I wasn’t going to write about South Carolina’s dumbest tax gimmick this year, because… well, I’ve been there, I’ve done it. But press releases started piling up in my inbox from retailers who wanted a piece of the free media action. Then I came across the animated videos that state employees had presumably spent time – probably time we paid them for – making to promote it.
In addition, the state continues to hold back-to-school sales tax “holidays,” and the Legislature and Department of Revenue continue to refuse to do anything about their utterly mocking list of d zero-rated items – starting with the back-to-school wedding dresses – so with the final celebration kicking off on Friday, what choice did I have? Especially since this insidious little “holiday” does so little for the public – and so much to allow the Legislative Assembly to continue to ignore the real problems of our tax system.
If it weren’t for the fact that the wedding dress was on the IRS example list all along, you’d think the agency handed the task over to Google, which just a week ago provided a photo of diapers when I asked for school supplies.
Speaking of weird Google results: one of those groups that send out press releases to try to get journalists to mention their name trumpeted last week that “cheese” is one of the top words people ask Google how to spell. Which left me totally transfixed trying to figure out how else you could spell it.
Throwback to these back-to-school holidays.
I’ve spent a lot of ink over the past 22 years poking fun at the bizarre distinctions on this list: hunting and skiing clothes are exempt, but sports equipment is not; handbags and purses are exempt, but purses and wallets are not; shower curtains and liners are exempt, but shower curtain hooks and rings are not; shoes of almost every variety imaginable are exempt, but shoelaces are not.
The latest illogical: Schools routinely include hand sanitizers and tissues on their list of supplies they expect students to bring to school, but the agency is keen to say these don’t are not eligible for the exemption.
In fairness to the Department of Revenue, many of these distinctions are dictated by uniform definitions of taxable items and guided by the agency’s efforts to answer specific questions it receives.
Also, in fairness, state law doesn’t actually use the term “back to school” to describe the vacation. Moreover, she does not use the words “tax holiday”. Exactly what then-Governor Jim Hodges called it when he sold it and the Legislature happily bought it in 2000 to help families cope. the high cost of purchasing back-to-school items.
And the Legislature placed virtually no limits on “clothing.”
But someone at the Department of Revenue made the decision, in 2000, to include “Wedding dresses and veils” on its “shopping list” of 38 items of examples of tax-exempt clothing and accessories. Along with other decidedly non-school related items like aprons, bibs, suits, diapers, tuxedos and bathing suits.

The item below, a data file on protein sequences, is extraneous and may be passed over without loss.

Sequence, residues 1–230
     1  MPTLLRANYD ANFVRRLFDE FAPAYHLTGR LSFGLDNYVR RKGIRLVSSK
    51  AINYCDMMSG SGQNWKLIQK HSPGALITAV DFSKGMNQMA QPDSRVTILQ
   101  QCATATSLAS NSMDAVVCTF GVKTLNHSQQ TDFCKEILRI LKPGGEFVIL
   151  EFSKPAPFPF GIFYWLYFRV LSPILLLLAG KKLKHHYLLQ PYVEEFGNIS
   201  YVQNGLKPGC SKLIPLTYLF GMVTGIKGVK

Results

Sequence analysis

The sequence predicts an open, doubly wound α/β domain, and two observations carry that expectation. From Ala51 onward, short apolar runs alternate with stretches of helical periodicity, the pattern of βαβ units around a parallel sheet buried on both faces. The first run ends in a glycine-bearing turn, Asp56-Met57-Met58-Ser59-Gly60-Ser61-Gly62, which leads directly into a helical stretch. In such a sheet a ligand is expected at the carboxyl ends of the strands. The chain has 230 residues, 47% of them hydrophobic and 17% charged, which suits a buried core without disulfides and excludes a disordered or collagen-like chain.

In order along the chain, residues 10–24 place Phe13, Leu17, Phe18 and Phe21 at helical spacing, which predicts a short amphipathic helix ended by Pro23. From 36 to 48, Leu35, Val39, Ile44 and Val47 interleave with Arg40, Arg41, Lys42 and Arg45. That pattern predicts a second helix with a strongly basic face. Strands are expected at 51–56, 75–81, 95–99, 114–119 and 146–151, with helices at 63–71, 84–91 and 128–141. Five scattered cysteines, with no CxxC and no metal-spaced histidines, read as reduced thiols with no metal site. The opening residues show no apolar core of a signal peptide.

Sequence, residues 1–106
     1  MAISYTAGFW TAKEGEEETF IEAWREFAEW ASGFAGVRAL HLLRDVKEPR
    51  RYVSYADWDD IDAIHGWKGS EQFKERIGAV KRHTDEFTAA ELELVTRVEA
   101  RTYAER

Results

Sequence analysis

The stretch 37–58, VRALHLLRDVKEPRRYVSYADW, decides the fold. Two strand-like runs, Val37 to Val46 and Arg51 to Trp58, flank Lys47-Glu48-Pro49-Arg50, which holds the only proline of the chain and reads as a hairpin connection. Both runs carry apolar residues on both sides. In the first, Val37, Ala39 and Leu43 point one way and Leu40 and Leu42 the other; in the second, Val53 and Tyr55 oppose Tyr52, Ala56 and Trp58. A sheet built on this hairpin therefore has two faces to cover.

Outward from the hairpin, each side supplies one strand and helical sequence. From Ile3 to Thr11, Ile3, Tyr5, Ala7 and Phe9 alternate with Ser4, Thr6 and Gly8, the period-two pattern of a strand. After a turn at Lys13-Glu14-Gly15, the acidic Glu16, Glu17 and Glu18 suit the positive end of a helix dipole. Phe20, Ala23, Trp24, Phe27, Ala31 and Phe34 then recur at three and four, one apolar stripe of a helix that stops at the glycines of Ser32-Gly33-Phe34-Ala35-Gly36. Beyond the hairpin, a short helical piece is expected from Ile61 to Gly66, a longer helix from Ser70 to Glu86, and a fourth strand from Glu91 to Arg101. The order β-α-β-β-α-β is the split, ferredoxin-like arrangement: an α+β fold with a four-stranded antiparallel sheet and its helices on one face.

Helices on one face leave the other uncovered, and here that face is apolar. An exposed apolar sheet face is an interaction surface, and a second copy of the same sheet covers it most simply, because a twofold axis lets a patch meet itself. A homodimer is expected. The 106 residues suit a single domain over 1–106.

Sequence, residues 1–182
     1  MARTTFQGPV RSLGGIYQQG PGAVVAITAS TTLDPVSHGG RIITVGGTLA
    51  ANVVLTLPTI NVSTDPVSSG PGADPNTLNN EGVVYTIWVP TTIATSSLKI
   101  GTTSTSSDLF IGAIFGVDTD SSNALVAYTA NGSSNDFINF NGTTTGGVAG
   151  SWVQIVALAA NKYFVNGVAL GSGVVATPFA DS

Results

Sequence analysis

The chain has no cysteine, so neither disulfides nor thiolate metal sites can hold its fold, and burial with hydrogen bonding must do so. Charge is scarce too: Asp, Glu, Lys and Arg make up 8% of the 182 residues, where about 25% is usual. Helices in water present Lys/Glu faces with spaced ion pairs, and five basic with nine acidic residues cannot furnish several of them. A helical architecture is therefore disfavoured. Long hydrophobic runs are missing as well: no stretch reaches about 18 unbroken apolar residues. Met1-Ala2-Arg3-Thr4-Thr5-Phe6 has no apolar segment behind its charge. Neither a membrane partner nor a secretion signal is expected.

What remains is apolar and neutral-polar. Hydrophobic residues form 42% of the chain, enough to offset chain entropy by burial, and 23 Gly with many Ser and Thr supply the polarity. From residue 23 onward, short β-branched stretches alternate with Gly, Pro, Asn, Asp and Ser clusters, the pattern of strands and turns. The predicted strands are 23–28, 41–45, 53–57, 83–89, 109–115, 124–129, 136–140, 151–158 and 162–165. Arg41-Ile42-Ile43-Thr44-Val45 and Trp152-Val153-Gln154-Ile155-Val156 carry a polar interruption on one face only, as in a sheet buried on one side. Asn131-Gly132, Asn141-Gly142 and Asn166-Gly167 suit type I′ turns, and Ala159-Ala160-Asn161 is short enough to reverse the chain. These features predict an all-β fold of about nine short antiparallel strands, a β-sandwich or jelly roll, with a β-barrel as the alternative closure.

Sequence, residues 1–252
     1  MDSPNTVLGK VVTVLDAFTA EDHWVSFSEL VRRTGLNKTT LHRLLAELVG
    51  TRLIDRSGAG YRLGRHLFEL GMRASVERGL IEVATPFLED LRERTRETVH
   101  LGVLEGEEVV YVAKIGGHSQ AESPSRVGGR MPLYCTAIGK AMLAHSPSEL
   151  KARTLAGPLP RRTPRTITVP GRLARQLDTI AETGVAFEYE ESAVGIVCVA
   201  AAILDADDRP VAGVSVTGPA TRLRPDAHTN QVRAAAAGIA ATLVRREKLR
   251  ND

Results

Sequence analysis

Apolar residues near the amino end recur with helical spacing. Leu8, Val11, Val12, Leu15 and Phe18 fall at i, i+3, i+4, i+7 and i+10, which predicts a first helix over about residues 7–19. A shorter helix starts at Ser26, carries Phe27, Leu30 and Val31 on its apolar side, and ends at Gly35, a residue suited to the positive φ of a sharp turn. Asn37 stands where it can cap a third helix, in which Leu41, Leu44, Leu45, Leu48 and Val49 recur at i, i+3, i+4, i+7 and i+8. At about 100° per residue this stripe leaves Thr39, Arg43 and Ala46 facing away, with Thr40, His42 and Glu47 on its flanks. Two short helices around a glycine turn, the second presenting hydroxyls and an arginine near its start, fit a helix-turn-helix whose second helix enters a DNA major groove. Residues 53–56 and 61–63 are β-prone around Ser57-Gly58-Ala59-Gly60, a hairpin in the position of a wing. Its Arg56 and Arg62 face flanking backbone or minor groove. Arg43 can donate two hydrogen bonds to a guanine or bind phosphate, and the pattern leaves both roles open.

And in doing so, the agency encouraged people to do something that would never have occurred to most rational people: plan their lives around buying these items during the duty-free weekend of back to school.
Over the years, the agency has removed examples such as corsets from its shopping list – although these are still exempt, as the legislature has never reviewed the law. Indeed, the Legislature did not change as much as a comma in the bill that the Governor sent. Which is both unimaginable today and a bit frightening, because never in the history of the world has there been a bill (or, for that matter, a column) that was perfect on first draft.
The good thing about vacations is that their short duration makes them relatively cheap, as the tax exemptions disappear. Last year, the Department of Revenue reports, shoppers spent $24.5 million on zero-rated items during the holidays, meaning they saved less than $2 million. The bad thing is that it’s one of our most manipulative exemptions, as state officials tell us what to buy and when to buy it.
The anti-tax Tax Foundation rightly views sales tax exemptions as political gimmicks that “entertain policymakers and taxpayers from real, permanent tax relief.” And give retailers a boost, at least some of which are raising prices during the tax holidays.
Ohio and Michigan enacted the first sales tax holidays in 1980, for automobiles, but the wave that swept through South Carolina began in 1997, when New York State created a temporary tax break on clothing, in an effort to prevent shoppers from crossing borders to escape its high state sales tax. Unlike every other state that has followed suit, South Carolina does not cap the size of untaxed sales. typical elsewhere is a $100 limit on clothing purchases, for example.
The list peaked at 19 states in 2010, dropped to 16 in 2020 and this year rose to 18 as New Jersey lawmakers created one — and several other states that already had tax exemptions added more — in order to use some of their COVID Budget Surpluses.
It would have been nice, when our legislature sought to unload what it considered excess cash, to distribute some of the money to the 40% of South Carolina who do not pay income taxes but pay sales taxes. But I guess we should just be grateful that the lawmakers didn’t tell us we had to buy the things they wanted us to buy in order to get our “discounts.”